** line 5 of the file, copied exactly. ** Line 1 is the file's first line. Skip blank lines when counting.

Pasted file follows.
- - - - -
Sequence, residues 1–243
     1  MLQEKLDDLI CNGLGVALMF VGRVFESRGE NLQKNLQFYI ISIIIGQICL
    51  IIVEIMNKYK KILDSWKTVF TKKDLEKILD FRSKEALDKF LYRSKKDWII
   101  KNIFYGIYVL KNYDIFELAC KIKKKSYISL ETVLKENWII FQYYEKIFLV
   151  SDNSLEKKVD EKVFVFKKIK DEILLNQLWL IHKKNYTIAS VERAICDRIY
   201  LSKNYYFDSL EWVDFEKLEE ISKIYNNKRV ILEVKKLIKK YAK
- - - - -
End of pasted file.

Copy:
   151  SDNSLEKKVD EKVFVFKKIK DEILLNQLWL IHKKNYTIAS VERAICDRIY